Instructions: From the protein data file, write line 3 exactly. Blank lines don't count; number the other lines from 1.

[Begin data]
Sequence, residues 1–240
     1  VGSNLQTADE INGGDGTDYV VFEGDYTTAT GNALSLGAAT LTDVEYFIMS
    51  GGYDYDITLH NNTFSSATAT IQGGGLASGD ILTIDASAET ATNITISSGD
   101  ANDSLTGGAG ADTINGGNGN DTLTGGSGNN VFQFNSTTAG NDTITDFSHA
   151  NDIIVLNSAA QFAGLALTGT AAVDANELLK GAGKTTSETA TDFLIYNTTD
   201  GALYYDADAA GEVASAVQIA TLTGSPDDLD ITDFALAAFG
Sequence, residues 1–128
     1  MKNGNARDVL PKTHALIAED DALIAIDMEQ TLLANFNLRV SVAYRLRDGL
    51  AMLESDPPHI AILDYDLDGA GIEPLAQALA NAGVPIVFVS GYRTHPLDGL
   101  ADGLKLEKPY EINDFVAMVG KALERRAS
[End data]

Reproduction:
    51  GGYDYDITLH NNTFSSATAT IQGGGLASGD ILTIDASAET ATNITISSGD